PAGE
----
I began this blog shortly before the election, that is two months ago. I am not the only one, I am sure, who feels like it has been two years, not two months.
Today I want to complete the thought about hatred of politics before moving on to other things. Perhaps Trump will be good for someone like me by pushing me to attend to lots of other things in this world. Certainly, I fully intend to avoid being Trump obsessed. The media’s all-Trump all the time posture has done its part in helping to insure I will not be Trump obsessed. The coverage is so fatuous, so imbecilic, that it has proved easy to tune out.
Anyway, here’s my thought. Politics is about, on some very basic level, how we can manage to live with one another. Human life is unsustainable without cooperation. We are social animals and, thus, have to develop ways of being together. That is our glory and our curse. The frictions of our close proximity to intimates, the neighbors, and to strangers are all too familiar. It’s hard to get along with people—maybe because of the very fact that we are dependent upon them.
In any case, one way to define politics (as my last post already suggested) is that it attends to the ways we can manage to live together without descending into violence. Such violence is an ever present possibility and all too often a reality. But I want to say that ordinary, mundane, quotidian politics, with all its frustrations, compromises, and less than ideal arrangements, offers our alternative to violence. We rub along as best we can, having to decide again and again if this injustice, this slight, this inequity needs be swallowed—or if not swallowable, how far are we willing to take the fight for what we deem fair.
So mundane, everyday politics is a pain in the ass. It requires the constant vigilance that we are told is the price of freedom, requires always being on one’s guard against others trying to take advantage, and then having to gin up oneself to once again enter the fray. When there are so many other ways that one would like to be occupying one’s time.
And, then, if we move from this everyday, mundane politics, there are two further sources of disappointment, of hatred of politics. The first is utopia. If politics is about the ways we arrange to live with one another, it is all too easy to imagine alternatives that are better than what we currently have. People are just so god-damned ornery, uncooperative, selfish, inconsiderate etc. etc. The everyday is never as good as we think it could or should be. So getting bogged down in the tiresome negotiations that characterize our getting along with others always pales in comparison to the better society we can imagine if people would only be more agreeable. Daily, lived, politics will never be as good as it should be—and so we will always hate it. It’s so difficult, so time-consuming, and the results are always so imperfect.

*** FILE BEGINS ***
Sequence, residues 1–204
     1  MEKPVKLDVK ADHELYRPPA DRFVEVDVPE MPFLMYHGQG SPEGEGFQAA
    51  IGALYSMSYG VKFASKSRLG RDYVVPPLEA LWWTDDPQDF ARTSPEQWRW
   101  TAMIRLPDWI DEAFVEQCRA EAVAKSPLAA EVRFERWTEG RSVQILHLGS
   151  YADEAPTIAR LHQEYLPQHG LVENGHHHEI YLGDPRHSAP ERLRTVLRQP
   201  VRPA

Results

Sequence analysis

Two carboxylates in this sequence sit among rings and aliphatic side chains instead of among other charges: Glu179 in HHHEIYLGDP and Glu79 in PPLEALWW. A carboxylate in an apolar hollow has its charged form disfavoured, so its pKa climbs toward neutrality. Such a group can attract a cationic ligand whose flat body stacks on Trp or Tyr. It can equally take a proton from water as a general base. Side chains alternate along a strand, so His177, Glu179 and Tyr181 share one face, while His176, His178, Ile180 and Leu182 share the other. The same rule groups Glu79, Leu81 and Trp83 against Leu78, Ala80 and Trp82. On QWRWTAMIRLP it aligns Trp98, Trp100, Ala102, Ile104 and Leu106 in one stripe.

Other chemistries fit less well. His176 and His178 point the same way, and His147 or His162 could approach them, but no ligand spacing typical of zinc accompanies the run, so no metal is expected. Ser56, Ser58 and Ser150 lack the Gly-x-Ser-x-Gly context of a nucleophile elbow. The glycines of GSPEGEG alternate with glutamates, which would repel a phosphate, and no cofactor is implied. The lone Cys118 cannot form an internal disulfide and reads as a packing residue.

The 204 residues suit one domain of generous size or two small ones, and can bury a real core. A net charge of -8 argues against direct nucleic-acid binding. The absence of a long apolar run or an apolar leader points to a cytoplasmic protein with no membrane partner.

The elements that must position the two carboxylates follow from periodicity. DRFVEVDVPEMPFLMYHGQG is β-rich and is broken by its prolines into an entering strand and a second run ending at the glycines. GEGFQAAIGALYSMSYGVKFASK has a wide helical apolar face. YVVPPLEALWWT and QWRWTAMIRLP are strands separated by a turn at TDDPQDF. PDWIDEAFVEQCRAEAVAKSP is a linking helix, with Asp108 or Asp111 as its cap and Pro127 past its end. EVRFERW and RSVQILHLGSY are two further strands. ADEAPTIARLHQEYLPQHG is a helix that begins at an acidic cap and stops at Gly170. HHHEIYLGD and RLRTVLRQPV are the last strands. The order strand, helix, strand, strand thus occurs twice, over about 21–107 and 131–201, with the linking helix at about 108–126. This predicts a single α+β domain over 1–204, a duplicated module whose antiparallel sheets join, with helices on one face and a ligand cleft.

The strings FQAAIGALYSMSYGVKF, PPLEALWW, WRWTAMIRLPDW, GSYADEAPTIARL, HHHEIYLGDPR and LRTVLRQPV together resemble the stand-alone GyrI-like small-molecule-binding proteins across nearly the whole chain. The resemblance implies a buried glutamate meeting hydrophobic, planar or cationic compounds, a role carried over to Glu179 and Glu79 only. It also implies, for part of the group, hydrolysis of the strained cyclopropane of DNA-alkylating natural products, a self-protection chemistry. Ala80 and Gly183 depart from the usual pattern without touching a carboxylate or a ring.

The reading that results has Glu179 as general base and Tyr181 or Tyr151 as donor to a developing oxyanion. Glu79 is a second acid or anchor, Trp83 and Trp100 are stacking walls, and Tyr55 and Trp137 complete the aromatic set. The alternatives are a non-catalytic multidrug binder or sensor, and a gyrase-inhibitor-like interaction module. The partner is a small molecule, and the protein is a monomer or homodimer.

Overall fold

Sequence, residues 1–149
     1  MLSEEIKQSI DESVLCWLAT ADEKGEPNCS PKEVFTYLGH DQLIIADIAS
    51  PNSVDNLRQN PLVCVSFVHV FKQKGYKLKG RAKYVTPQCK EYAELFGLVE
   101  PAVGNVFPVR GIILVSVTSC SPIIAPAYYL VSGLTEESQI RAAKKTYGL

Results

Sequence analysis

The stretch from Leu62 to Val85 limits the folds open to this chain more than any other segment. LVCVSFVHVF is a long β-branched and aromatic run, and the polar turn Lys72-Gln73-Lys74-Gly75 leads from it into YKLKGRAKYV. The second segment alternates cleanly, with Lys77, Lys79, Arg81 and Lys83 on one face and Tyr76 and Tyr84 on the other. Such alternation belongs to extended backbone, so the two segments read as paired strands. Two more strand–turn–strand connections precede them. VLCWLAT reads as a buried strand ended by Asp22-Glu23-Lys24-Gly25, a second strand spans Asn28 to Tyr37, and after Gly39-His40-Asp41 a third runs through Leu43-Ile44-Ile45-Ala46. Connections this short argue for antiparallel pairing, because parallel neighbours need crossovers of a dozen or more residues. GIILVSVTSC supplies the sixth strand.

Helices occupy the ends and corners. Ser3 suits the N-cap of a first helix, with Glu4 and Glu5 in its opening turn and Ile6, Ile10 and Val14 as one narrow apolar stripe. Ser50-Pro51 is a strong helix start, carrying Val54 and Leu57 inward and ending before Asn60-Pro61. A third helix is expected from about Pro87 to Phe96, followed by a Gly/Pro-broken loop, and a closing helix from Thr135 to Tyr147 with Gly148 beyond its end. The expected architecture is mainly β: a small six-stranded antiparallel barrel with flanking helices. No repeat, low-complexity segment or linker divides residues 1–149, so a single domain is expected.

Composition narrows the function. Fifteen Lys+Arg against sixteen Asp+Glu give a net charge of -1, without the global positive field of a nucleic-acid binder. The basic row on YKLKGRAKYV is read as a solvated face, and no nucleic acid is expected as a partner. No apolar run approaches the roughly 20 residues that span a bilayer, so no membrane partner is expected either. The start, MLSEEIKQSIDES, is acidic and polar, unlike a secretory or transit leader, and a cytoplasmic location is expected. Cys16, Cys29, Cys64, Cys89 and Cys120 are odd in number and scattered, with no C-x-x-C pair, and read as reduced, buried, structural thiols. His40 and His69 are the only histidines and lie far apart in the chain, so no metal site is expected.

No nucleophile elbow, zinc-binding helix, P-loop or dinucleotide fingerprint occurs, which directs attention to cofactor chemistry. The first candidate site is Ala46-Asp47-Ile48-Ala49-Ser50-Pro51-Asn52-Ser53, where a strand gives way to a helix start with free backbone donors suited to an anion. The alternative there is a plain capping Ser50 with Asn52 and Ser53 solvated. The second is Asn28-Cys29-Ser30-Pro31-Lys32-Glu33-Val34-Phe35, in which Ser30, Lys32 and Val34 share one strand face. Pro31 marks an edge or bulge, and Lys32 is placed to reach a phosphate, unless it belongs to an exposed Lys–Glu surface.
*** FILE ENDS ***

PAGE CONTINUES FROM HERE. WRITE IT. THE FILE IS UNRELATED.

On the other side of utopia is violence. Within all of our political arrangements, even the most benign, there is the place of violence, the place where physical force is exerted against bodies. The police and the prison. Enforcement of the law. So even for those who love politics, who are attracted to both its theory (how to build cooperative institutions and social arrangements) and its reality (the give-and-take of negotiations and compromises), there is always this haunting by violence, this fact of a fatal flaw in the pursuit. This tainting must afflict our attitude toward politics, must insure an ineradicable ambivalence. At least for me, it is why I keep coming back to the issue of violence, why that issue feels like the one I have most inadequately addressed in my by now voluminous writings on political questions.
I do want to make one, final, unrelated point. There are those who love politics because they love the thrill of electoral contests. Certainly, our media plays to the “horse race” side of politics while under-reporting the details of actual political negotiations. Given the winner take all nature of American elections (as contrasted to proportional representation schemes), the thrill of annihilating your opponent can be attached to winning an election. So the very attributes that would lead one to be a “political junkie” in relation to electioneering are exactly the wrong attributes for doing the day-to-day work of politics—which is finding a way of enabling people in a pluralistic society to get along and even to manage to accomplish some things collectively. That’s why the Republican Party strategy of “if Obama is for it, we are against it” is so distressing. It turns politics into perpetual contest, with no attention to what it might be good to do, but only attention to thwarting one’s opponents at the polls and in matters of policy. And, as others have noted, that strategy generates hatred and disgust of politics—which serves the end of getting people to tune out, thus allowing the robbery of the public good that many Republicans aim for.
I feel rather condemned by this paradox. To hate politics today is to cede victory to the Republicans. They have worked hard to make Americans hate politics—and that hatred provides cover for their rearranging our society to benefit only a very small elite. So the obvious response is that I should fight against that hatred; I should keep my head in the game. But it is so dispiriting, so ugly, so soul-destroying. The temptation is not to touch this pitch, to save oneself since the general conflagration appears unstoppable.
I am going to address another version of this worry when I turn to discussing Christopher Newfield’s extremely important book, The Great Mistake, in my next few posts.